A less technical and more meta talk arguing that limiting the software freedom leads down a spiral of new problems. Problems and limitations that you not only want to deal with, but rather will turn out to be a disadvantage at some point, that you haven’t considered in the beginning.
The usage of software licenses to propagate your values into other fields and problems and try to solve those as well, does usually not end well. As tempting it might be, to e.g. exclude military usage of your tool, this will also exclude any humanitarian tasks executed by the military. Compensating for this will get any license more and more complex. At end you’re left unable to answer the simple question: Can I use your tool?
The suggestion here is that software licensing might not be the right tool to address problems outside of the development realm.
This was one of the pearls in term of entertaining talks on the FOSDEM. The quintessence is the following: The project Agricool is distributing containers in Paris and Dubai and growing strawberries (and other stuff) inside them. The basic idea is to cut down the travel distance from Spain (or from wherever), avoid strawberries that have been harvested to early and automate and monitor as much as possible.
The outcome are small islands/container of strawberries which grow inside of the cities, are more tasteful than the imports and produce more berry per sqm used.
This talk also dealt with the problems the group encountered and still is trying to solve.
Why GPL is great for business
This talk took place in one of the bigger audiences. Frank is the founder of Owncloud and Nextcloud, so naturally the talk mentioned this and occasionally threw in a some marketing comments or two. It shall be forgiven.
However, the talking speed was a bit slow to accommodate for all in the audience and just a quarter to the end I left, knowing I could catch up with it using the video recording available on the FOSDEM web-page.
How to measure Linux Performance Wrong
Another quick and useful talk that showed the current problems with measuring Linux performance and made some suggestions of how to make it better. It was nice to listen to some one who seemed to know some more of the insights of what was going on, could explain it, present it and lead you through the long journey of possible useless monitoring and measuring.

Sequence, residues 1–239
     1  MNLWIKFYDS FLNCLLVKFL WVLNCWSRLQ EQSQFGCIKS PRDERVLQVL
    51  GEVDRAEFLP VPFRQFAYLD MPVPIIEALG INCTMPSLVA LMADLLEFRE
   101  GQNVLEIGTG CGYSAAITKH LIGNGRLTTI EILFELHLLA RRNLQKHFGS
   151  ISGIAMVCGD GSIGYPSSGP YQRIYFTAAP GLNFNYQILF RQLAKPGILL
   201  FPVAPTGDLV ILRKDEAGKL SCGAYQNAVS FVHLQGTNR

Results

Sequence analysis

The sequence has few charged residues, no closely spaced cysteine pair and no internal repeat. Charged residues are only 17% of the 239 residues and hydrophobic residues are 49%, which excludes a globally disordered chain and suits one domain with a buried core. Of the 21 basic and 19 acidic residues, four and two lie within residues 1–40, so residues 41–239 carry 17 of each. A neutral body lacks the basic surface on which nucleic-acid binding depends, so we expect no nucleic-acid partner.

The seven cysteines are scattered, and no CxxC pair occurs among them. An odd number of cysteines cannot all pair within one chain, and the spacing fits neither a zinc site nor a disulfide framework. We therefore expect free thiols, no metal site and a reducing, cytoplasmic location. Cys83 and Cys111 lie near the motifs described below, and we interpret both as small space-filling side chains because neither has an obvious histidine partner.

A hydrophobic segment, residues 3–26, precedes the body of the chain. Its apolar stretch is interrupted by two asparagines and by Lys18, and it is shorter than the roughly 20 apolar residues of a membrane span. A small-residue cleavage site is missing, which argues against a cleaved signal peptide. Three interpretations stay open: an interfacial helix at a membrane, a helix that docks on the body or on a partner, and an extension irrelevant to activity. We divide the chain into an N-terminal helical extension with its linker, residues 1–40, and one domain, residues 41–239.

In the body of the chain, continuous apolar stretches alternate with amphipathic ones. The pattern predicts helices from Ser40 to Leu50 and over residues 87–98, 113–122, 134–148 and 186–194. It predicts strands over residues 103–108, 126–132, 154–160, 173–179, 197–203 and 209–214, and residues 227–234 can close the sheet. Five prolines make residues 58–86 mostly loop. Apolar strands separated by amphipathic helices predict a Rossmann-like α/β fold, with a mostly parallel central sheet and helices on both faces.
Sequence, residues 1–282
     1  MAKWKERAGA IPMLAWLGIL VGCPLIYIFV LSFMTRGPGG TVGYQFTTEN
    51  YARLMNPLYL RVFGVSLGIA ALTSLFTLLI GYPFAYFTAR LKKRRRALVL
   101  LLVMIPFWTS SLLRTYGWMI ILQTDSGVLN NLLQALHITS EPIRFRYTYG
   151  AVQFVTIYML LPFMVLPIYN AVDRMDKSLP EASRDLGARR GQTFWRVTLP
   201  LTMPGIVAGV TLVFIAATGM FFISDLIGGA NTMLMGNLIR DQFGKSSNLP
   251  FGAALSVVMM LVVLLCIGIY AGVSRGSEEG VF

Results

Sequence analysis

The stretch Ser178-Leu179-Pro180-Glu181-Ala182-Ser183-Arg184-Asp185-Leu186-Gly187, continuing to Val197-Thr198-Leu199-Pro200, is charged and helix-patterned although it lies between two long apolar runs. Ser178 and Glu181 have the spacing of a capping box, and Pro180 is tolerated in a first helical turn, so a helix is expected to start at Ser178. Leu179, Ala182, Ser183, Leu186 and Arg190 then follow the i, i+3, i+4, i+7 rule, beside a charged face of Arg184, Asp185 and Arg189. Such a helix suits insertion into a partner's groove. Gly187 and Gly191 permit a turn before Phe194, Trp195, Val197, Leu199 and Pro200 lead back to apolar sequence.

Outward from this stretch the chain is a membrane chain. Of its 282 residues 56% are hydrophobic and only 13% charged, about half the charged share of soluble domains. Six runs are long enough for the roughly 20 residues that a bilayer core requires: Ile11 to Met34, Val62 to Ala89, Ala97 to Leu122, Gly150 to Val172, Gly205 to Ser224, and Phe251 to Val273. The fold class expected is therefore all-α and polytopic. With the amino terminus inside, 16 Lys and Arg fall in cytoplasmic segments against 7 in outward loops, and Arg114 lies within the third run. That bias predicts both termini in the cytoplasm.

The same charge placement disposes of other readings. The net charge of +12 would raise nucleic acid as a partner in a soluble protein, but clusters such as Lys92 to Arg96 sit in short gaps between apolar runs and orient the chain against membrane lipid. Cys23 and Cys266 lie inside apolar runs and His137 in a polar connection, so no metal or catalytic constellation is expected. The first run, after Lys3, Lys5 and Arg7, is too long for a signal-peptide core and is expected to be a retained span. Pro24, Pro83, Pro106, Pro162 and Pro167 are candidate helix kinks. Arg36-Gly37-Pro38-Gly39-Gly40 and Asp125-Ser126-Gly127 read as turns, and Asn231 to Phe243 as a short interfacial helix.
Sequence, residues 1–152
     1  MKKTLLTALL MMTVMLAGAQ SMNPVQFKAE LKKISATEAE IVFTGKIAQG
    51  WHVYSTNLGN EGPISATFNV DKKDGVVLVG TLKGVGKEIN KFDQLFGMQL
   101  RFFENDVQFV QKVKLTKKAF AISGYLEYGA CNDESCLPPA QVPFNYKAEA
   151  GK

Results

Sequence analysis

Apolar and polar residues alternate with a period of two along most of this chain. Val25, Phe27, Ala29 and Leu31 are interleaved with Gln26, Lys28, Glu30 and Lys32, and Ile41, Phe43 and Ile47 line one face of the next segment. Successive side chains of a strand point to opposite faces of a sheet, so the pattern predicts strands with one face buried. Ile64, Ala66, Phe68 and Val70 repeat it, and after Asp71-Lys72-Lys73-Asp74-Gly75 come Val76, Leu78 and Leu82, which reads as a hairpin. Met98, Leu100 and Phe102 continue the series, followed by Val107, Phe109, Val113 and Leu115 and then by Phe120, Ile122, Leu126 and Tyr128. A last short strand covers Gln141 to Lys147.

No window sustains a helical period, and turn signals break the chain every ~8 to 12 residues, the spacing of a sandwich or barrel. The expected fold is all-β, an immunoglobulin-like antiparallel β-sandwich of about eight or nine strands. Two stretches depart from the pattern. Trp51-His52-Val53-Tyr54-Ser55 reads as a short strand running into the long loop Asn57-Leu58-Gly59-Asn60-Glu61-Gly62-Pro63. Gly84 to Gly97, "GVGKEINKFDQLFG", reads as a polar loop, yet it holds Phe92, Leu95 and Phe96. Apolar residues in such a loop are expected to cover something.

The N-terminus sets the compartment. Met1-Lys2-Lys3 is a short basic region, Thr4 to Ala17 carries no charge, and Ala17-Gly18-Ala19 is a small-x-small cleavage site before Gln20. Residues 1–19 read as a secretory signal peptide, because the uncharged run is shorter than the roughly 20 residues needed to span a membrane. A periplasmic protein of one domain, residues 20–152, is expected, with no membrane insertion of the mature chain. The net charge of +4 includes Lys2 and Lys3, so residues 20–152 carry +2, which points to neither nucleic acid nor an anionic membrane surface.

The FOSDEM conference is free of charge. No registration required. Therefore it’s not surprising that you see all kind of people there, basically everybody who’s able to afford the travel costs, I’d say. This guarantees a wide range of interests and topics to discuss, probably more that on any other conference where you would have to pay your entrance fee.
This is one of the strongest sides of FOSDEM conference, I’d say.
You could hear people talking and discussing all kind of topics at every possible location: the halls between the rooms, the cafeterias, on the way from one building to the other.
On the other hand that made it a bit harder to find the right people to talk to. Some of the topics were far outside my expertise, so you had to keep on your toes to go after the right people or to catch the speakers in the right moment if you wanted to engage them.
Overall, the conference mood was very relaxed and quit. Everybody seemed to enjoy the conference very much and it seemed to went very smoothly.
Food and drinks
For the hunger and thirst of the conference attendees, the organizers had placed a couple of food trucks in the center of the university. You could choose from a variety of typical Belgian fries, hamburger, sausages and other grilled, cooked or otherwise prepared choices of food.
To support this, the cafeterias of the university had also been taken in use and served coffee and stuff. Sodas and Mate were also present. Small water bottle were sold for one Euro in addition. So neither the prices nor the quality of the food were terrifying.
Transport and transport
The university lies about half an hour off the city center of Brussels. While any cap will probably be easily be able to transport you there, we’ve chosen the public transport system (namely: bus) to get us to the conference. That was easy, uncomplicated and took only half an hour to get there.
The rest of the time we got around by foot. The typical tourist center were quickly covered by foot. After a day following lectures about all kind of topics, the big travel plans had to wait and make place for some leisure time.
The number of talks and people is overwhelming. Study the schedule ahead and make a plan of where to be and what to do. Socialize and network. Talk to people. The quality of the presentations might be lower than on other conferences, but so is the ticket fee. You won’t get that kind of diversity and broad coverage of topics on any other conference.